This is one recipe that is very close to my heart and I often prepare it at home. I’ve tried many recipes of nankhatai, by far this is the best recipe I have found and thought of sharing with my readers. The purely Indian version of cookie or shortbread biscuit should be tried by all who have not yet tried them. One bite of nankhatai, and it brings out the divine Indian flavours, be it clarified butter/ghee or the aroma of cardamom, its just perfect!
Sources say that Nankhatai came into existence in the 16th century in Surat which was occupied as the port city. During that period the spice trade was dominated by the Indians and Dutch, the Dutch reigned India with their Dutch East India Company for quite sometime. In Surat, there was this random Dutch couple who started a bakery business here in India to meet the requirements of the local Dutch residents. When the Dutch left India, the owner gave away the bakery business to a local Iranian/Parsi. The bakery biscuits which were sold by him were disliked by the Indians. To prevent his business from closing down, he started selling dried bread which became very popular. Further experimentation with the dried bread eventually gave birth to Nankhatai.
Today Nankhatai is widely popular in India, Pakistan, Afghanistan and Iran. The word nankhatai are two separate words where nan means bread in Persian language and khatai means biscuit in Afghani. In many places, nankhatai is also known as kulcha-e-khataye where kulcha means bread which is similar to nan.
Nankhatai is basically a combination of DUTCH BUTTER BISCUIT and local Gujarati sweet DAL, hence giving rise to Nankhatai. Traditonally, in the recipe clarified butter/ghee and powdered sugar are creamed together but now a days ghee is replaced by butter. If you want the authentic taste, using clarified butter/ghee is a must. If you think the quantity of ghee used is very much, you can halve the amount and use canola oil/vegetable to fulfill the amount needed. This is a Indian recipe so it has to be rich without a doubt. Baking powder is another ingredient which is added to nankhatai these days for an added delicate feel. I have used baking powder in the recipe and trust me, the results are amazing. I also add semolina for that extra crunch in the nankhatai. Prefer using cardamom powder rather than whole cardamom seeds to spread the flavour and aroma evenly. If you do not have powder, grind cardamom seeds into a fine powder using a pestle and mortar.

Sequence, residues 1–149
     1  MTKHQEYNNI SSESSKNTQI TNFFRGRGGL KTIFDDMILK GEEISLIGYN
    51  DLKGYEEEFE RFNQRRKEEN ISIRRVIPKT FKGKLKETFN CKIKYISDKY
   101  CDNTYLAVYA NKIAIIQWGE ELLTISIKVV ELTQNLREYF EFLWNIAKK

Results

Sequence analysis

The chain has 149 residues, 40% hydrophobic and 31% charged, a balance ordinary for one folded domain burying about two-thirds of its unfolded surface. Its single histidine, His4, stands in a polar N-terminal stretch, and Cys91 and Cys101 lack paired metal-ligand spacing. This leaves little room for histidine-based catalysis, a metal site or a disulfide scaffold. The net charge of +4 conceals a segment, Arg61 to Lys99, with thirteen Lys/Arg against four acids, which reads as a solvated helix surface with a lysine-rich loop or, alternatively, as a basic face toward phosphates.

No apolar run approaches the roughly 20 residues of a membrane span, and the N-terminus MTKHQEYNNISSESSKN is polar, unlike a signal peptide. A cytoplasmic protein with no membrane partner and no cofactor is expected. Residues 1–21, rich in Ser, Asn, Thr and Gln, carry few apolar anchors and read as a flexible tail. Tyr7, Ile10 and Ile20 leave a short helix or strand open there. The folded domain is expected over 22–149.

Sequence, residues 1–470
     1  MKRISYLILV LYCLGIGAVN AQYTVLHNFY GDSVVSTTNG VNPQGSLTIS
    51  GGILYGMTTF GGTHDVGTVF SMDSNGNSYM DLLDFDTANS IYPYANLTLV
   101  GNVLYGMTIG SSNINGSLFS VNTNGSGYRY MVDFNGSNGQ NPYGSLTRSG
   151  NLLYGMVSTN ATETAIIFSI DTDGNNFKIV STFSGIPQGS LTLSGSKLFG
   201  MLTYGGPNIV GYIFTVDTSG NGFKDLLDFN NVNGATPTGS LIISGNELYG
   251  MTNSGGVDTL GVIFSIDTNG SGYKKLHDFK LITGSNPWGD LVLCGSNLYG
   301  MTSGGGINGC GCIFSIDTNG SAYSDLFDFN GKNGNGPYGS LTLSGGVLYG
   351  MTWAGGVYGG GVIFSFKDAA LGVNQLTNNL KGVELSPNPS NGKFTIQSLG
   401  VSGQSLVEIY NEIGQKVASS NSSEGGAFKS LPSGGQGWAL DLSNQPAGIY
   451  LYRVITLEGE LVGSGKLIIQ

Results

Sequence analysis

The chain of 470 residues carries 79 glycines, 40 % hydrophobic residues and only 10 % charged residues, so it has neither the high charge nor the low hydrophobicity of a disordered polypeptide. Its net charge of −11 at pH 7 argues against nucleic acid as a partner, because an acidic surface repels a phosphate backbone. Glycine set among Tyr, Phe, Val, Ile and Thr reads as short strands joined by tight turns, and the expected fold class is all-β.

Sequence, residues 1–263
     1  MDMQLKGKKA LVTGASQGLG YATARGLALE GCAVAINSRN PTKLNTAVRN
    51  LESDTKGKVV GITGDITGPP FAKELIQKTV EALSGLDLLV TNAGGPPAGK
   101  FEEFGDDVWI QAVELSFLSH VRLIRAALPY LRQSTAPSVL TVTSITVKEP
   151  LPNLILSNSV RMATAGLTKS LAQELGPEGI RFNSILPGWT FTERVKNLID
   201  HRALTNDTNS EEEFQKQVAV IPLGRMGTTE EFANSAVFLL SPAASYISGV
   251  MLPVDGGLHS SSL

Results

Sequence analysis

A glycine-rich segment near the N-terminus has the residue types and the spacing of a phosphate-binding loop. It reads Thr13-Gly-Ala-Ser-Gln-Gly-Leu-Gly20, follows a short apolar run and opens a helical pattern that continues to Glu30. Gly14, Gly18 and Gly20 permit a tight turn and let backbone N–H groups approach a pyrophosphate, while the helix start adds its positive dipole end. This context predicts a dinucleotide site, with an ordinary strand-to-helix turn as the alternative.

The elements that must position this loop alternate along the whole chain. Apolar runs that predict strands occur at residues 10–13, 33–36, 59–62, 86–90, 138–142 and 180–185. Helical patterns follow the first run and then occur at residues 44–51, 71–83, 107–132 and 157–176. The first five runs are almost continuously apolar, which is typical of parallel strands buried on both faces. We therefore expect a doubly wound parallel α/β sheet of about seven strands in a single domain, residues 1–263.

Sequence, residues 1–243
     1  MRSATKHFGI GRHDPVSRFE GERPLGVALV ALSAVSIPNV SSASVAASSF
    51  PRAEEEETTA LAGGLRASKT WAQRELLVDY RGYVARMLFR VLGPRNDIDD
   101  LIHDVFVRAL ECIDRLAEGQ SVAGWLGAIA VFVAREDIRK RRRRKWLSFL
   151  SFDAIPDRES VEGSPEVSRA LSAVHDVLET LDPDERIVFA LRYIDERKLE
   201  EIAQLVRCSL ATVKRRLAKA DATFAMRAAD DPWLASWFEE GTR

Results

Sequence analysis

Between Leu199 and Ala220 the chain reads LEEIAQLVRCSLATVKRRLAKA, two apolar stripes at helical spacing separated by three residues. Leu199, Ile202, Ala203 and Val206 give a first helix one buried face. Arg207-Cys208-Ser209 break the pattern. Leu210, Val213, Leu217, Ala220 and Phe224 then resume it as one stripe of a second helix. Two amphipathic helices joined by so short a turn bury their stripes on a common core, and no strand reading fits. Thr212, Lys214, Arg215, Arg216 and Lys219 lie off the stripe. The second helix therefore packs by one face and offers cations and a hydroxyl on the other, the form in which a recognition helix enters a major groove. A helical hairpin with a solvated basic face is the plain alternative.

- All purpose flour/maida - ½ cup
- Semolina/sooji - ¼ cup
- Chickpea flour/besan - ¼ cup
- Powdered sugar - ½ cup
- Clarified Butter/ghee - ¼ cup
- Canola oil/vegetable oil - ¼ cup
- Cardamom powder/elaichi powder - ¼ tsp
- Baking powder - ½ tsp
- Cream together powdered sugar, clarified butter and oil using a wire whisk or electric blender until light and fluffy. Melt the clarified butter/ghee if it is in its solidified state.
- In a separate bowl, Sift in all the dry ingredients together, the flour, semolina, chickpea flour, cardamom powder and baking powder. (Sifting is not essential, you can do it if you wish).
- Gradually add the flour mixture in the wet mixture to make a dough. It should be bindable. If the dough is too dry, add few tbsps of milk. I did not need it, but if you get a dry dough, please consider adding few tbsp of milk.
- Line a baking tray with little oil or ghee brushed on it. Make small rounds out of the dough, flattern slightly using your palm and place on the greased baking tray. Place them apart as the the dough spreads as it bakes.
- Let it rest for 10-12 minutes. While the dough rests, preheat your oven to 200 degree celsius,
- After the dough has rested and oven has preheated, bake them for 15-16 mins at 180 degree celsius.
- Once done, cool them down completely. You can garnish or coat them with powdered sugar and cardamom powder mixture. I dont do this as like them plain.
- Store in airtight containers for 2 weeks.
2. The baking time will depend on your oven so keep checking. Sometimes my biscuits are done in 14 minutes. The second batch usually takes less time. Some ovens like Morphy Richards heat up very fast so be careful. You know your oven better. I have a 28 litre morphy richards OTG but I did not bake the cookies there. I prefer a convection microwave oven for this recipe and do it in my Godrej microwave in convection mode. Morphy Richards is good but I'm really scared to use that sometimes as many of my recipes have turned into a disaster. If using morphy richards, bake them at 160 degrees and keep an eye.
3. The recipe uses ingredients in 1:1 ratio, semolina+chickpea flour together contribute to the measurement, so use ¼th cup each and not ½ cup each. ¼th cup + ¼th cup will make ½ cup as a whole.
4. For a big batch, double the recipe.